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Interesting Idaho State Bird – Mountain Bluebird

Mountain Bluebird

Idaho is a scenic northwestern state with 83,569 square miles of forest, mountains, sagebrush, wetlands, and farmlands. Home to 1,975,000 people, more than 430 species have also been found in this wild and beautiful place!

Idaho state bird – the Mountain Bluebird is one of the most beautiful birds this state has to offer. The blue shades of this lovely bird match the skies over Idaho and make it an appropriate bird to represent the state.


Idaho State Bird

The Mountain Bluebird became the official state bird of Idaho on February 28, 1931. Around this time, chapters of Women’s Federated Clubs were holding nationwide campaigns to encourage states to choose an official bird.

In Idaho, grade school children heeded their call and suggested that the Mountain Bluebird was the perfect candidate to be the official state bird of Idaho. The state legislature didn’t see any reason not to pick this bird to be a state symbol and quickly voted to make it official.

Mountain Bluebird

© Elaine R. Wilson

Although the wild and beautiful landscapes of Idaho are punctuated with Bald Eagles, Ospreys, and many other birds, the Mountain Bluebird was an easy and obvious choice. No other bird in the state shows such lovely pastel, sky, and shining blue colors.

No other bird in Idaho lends color to its surroundings with turquoise and sky-blue highlights.

Not to mention, in Idaho, this beautiful bird is also one of the more commonly seen bird species. When school children picked this species, and the legislature voted for it, they were undoubtedly very familiar with the Mountain Bluebird. In Idaho, these beauties thrive in open habitats throughout the state.

In fact, in many parts of the state, it’s not uncommon to see flocks of Mountain Bluebirds!


Fun Facts about Mountain Bluebirds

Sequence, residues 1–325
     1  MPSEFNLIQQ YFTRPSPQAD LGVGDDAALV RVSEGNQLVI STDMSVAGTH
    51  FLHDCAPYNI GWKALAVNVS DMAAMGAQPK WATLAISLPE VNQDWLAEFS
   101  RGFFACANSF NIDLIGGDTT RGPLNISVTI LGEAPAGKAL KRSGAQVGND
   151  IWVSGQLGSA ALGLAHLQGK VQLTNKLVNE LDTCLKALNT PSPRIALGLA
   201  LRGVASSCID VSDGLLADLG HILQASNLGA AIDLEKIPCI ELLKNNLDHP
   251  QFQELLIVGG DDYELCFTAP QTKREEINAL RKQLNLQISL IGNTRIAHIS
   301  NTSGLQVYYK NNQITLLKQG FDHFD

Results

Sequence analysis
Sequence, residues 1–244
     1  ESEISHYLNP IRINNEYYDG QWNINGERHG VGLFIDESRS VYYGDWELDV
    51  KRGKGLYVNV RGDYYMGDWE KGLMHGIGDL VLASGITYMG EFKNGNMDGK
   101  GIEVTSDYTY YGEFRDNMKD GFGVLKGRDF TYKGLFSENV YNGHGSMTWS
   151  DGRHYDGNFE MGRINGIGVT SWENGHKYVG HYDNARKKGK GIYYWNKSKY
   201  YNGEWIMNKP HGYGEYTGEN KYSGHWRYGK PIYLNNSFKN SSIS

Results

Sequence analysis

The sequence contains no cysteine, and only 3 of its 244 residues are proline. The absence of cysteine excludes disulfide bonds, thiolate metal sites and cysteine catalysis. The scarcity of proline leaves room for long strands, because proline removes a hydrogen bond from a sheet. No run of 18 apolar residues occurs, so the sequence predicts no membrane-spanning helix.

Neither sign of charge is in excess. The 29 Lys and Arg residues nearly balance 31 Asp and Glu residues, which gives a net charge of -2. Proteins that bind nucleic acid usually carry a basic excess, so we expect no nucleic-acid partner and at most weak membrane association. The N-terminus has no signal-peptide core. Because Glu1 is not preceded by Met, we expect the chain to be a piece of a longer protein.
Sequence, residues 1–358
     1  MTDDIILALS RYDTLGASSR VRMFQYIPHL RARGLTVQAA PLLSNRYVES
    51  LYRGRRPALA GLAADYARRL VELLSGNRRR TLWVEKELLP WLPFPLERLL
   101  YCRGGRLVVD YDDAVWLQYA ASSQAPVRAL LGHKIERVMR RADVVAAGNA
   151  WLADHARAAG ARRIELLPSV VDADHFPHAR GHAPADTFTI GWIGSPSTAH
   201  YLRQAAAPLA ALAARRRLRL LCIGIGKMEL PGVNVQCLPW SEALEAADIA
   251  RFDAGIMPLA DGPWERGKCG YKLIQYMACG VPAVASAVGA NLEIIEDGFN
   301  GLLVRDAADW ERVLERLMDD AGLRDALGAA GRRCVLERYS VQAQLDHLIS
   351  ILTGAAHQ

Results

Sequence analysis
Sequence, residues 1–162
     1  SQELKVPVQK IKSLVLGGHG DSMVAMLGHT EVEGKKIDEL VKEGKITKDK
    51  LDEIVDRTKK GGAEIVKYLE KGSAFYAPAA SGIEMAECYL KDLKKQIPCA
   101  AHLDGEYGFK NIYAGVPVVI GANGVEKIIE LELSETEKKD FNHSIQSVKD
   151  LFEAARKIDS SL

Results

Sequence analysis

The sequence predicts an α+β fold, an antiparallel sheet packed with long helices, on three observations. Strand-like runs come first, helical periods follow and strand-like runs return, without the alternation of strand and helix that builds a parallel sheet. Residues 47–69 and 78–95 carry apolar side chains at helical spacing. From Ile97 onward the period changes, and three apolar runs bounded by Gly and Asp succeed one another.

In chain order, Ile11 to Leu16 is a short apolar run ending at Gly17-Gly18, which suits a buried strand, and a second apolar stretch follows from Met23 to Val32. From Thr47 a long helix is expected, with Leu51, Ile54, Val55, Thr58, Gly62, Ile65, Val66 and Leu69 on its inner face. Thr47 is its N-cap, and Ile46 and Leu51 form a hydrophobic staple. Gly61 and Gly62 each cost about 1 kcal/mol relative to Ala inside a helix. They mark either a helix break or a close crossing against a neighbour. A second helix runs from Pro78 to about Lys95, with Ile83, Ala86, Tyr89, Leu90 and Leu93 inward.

• The Mountain Bluebird is a fast flier. As an adaptation to the open habitats they call home, Mountain Bluebirds have long wings that help them fly more than 45 miles per hour. That’s pretty quick for a small bird!
  • A sacred bird. This species plays a special role in several western Native American cultures. Its blue colors are similar to turquoise, a stone that often plays a sacred and significant role in those same cultures.
  • The Mountain Bluebird is a type of thrush. This species is in the same family as the American Robin, Eurasian Blackbird, and Wood Thrush.
  • Mountain Bluebirds also breed in Alaska. This migratory species ranges further north than any other bluebird. For this reason, it has sometimes been known as the “Arctic Bluebird”.
  • Mountain Bluebirds sometimes hybridize with Eastern Bluebirds. On rare occasions, where the edges of the ranges of these two species meet, a Mountain Bluebird will pair with an Eastern Bluebird.
  • The toughest of the bluebirds. Although Mountain Bluebirds have soft and beautiful plumage, they thrive in high, cold mountain habitats, and can withstand colder temperatures than the two other bluebird species.
  • Excellent eyesight. Mountain Bluebirds can spot insect prey at a distance of 300 feet.



The Mountain Bluebird is a smallish bird somewhere between a sparrow and American Robin in size. Both sexes have a thin, black beak, dark eyes, and fairly long, black legs. They also have long wings and a medium-length tail.

Males are a beautiful cerulean or sky blue bird with a hint of a narrow gray eyering, white belly, and white undertail. In bright sunny weather, their blue colors can look glossy.

Mountain Bluebirds

Males are also slightly bigger than females but the differences are so small, this is pretty hard to tell in the field.

Female Mountain Bluebirds are mostly pale gray with a white belly and undertail. They also have a more prominent pale eyering that is broader on the back part of the eye.

They also have some blue in their wings and on their rump and tail. Some females also have a bit of reddish-brown on their back and breast.